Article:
Throughout the 15 months he’s been running for president, Donald Trump’s campaign has paid private security contractors at least $432,201 for protection—$320,453 of which was spent after he was given a Secret Service detail in November 2015, according to Federal Election Commission filings.
The calculus for Trump seems simple. A public figure since the 1970s, he’s long had reason to take precautions when it comes to his safety. And now, as perhaps the most divisive major party nominee in American history, there’s more cause for concern than ever. Not to mention that being surrounded by macho former law-enforcement officials adds to Trump’s tough guy mystique.
But the size and scope of his outside security operation comes with its own set of complications and risks. He is the only nominee to be insulated by a staff of his own security and the Secret Service simultaneously, a potential cause for conflict in the ego-filled world of armed musclemen. And it’s unclear if the campaign is abiding by federal campaign-finance laws by using its funds to pay security personnel who, before his candidacy, were on the Trump Organization payroll.
“It is unprecedented,” said one high-level official with knowledge of the Secret Service machinations. “The apparatus surrounding Mr. Trump is extensive to the point of looking dysfunctional.”
And the dysfunction is glaring. The Trump campaign first told me that all questions regarding security should be directed to the Secret Service. But the Secret Service told me that Trump’s private security is considered campaign staff, and so any questions about them would have to be answered by the campaign. The campaign, informed of this, replied, “No comment.” Further requests for comment were met with a slightly wordier but no more helpful reply: “We have no comment on security personnel and procedures.”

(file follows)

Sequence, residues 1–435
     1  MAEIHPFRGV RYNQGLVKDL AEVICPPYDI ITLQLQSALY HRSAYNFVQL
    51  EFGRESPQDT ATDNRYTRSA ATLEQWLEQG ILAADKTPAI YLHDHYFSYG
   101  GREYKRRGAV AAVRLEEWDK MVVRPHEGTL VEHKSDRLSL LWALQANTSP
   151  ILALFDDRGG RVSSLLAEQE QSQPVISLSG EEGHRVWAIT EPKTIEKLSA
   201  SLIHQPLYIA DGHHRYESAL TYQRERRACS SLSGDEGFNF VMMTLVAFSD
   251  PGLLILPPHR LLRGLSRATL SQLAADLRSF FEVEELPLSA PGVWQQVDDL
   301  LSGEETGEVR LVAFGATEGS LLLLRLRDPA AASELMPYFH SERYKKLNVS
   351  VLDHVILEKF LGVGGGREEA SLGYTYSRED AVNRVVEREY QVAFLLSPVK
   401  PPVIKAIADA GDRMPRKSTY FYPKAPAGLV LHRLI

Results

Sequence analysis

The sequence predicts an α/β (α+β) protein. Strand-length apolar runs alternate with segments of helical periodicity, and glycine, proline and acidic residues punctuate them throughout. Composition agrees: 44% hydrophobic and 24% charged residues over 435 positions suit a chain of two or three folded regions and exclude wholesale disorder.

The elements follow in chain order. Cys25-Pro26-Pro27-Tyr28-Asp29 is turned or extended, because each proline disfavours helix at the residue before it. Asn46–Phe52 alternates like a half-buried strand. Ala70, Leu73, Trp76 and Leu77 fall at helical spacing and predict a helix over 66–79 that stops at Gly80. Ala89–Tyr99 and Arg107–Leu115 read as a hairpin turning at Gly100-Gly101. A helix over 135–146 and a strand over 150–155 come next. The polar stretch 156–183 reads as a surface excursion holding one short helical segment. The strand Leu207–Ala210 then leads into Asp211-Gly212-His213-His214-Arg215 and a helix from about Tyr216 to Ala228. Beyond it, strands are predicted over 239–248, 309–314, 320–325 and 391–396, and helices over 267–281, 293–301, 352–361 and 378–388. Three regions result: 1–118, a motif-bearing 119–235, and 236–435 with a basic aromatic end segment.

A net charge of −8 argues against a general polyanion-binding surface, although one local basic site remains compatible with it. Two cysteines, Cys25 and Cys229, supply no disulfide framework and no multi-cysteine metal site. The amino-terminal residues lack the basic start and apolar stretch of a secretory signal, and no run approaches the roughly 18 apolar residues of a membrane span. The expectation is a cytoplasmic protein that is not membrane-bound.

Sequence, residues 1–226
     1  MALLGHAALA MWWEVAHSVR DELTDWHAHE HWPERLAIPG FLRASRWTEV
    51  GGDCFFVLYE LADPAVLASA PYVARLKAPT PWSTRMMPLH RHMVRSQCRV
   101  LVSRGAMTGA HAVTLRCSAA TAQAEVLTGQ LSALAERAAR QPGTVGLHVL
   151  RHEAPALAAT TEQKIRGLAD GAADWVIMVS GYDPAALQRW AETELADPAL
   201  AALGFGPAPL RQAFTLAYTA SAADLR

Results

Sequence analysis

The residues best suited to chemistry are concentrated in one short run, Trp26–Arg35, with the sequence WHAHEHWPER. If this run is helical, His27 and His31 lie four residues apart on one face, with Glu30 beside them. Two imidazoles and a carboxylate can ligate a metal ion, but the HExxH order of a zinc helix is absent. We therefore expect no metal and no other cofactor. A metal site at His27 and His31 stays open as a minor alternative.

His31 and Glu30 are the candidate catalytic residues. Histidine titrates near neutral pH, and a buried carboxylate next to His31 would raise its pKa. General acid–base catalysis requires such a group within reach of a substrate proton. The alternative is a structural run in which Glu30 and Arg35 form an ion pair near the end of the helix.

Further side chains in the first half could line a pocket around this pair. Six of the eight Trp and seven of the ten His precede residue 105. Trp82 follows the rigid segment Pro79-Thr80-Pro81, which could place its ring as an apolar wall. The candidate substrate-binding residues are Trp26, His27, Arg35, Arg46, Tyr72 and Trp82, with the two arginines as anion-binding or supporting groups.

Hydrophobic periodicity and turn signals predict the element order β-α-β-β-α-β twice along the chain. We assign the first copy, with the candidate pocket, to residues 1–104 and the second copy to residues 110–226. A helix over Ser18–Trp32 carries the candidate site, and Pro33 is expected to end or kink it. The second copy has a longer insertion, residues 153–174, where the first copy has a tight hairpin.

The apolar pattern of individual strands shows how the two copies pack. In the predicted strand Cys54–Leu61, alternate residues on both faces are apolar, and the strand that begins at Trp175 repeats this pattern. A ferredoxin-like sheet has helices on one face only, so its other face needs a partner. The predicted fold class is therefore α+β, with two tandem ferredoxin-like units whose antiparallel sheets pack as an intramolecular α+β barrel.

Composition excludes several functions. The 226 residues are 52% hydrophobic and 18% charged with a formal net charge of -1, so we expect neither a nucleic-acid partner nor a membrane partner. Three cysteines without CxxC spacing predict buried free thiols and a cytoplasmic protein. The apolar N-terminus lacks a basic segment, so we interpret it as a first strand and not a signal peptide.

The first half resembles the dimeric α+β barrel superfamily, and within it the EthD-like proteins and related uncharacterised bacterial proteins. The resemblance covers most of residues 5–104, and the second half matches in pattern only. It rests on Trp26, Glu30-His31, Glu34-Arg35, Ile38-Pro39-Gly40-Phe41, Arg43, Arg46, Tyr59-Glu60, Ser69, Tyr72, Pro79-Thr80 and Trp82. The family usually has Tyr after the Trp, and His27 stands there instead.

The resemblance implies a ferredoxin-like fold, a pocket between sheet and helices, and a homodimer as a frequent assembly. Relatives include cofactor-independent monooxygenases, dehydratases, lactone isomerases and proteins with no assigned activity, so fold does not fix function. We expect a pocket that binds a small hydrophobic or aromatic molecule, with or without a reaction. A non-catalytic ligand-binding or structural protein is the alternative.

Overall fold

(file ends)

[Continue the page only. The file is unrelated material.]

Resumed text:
The campaign might not want to talk about it, but Trump has contracted 11 security firms, security-guard services, and dozens of individuals as he’s campaigned around the country. And a handful of the private companies are run by retired, high-ranking law-enforcement personnel. It’s unclear if any of them are armed in their capacity on the Trump campaign.
Security can be necessary, but it also lends an appearance of legitimacy to those cocooned within it. And Trump’s preoccupation with that appearance dates back decades.
Bo Dietl, a former NYPD detective and New York media personality known for his appearances on Imus in the Morning and (until recently) Fox News, has been friends with Trump since 1985. Dietl, who looks like a cross between Yogi the Bear and Ray Liotta, maintains a private investigative firm, Bo Dietl & Associates. Their slogan: “Private eyes for a public world.”
In his midtown office in May, amid 360-views of Manhattan (an objectively more impressive view than Trump’s Fifth Avenue space, I must report), Dietl told me what it was like to provide security for one of Trump’s buildings, although he wouldn’t divulge which one. He and Trump, he said, have butted heads on occasion, but he’s always come out the other side respecting him, and now supporting his candidacy.
“I’m known for being pretty tough, so I just didn’t take any shit from him, back and forth,” Dietl said. “And the thing is, he knew where I stand. Over the years we’ve had some disagreements where I’ve cursed at him on the phone to fuck off, and back and forth, and if I caught him in a fib I’d tell him, ‘Donald, that’s not true, so stop fucking lying.’ But with all that said, when it comes down to it, I was at his wedding, [and] his son’s wedding. I became—I was one of the beginning members of Mar-a-Lago!”
Dietl said that as an executive, Trump had a certain image in mind when it came to the security he hired. “He was very demanding, very demanding,” Dietl told me, “and he wanted everything so suited the way it was supposed to be, and as far as I’m concerned he’s a demanding guy, but he wants the best and certainly you couldn’t put security people in there that look like garbage. He wanted the best looking, he wanted them to wear the best, clean, magnified, you know, nice neat uniforms, and be very respectful.
“He was, like I said,” Dietl added, “very demanding.”
He was also strategic.
According to Dietl, Trump would use him to “deter” his opponents—particularly in the lawless arena of casinos.